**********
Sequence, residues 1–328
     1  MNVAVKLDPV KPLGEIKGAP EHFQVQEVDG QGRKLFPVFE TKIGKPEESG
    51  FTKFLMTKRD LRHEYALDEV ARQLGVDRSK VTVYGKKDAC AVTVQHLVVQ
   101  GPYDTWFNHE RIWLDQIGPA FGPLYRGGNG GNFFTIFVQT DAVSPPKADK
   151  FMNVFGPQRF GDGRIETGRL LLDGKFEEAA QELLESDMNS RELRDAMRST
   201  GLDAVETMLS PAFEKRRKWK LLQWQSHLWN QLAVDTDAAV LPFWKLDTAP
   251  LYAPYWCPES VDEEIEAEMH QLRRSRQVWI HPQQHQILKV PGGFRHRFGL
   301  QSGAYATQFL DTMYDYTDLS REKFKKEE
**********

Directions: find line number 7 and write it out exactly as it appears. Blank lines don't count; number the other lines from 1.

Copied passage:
   251  LYAPYWCPES VDEEIEAEMH QLRRSRQVWI HPQQHQILKV PGGFRHRFGL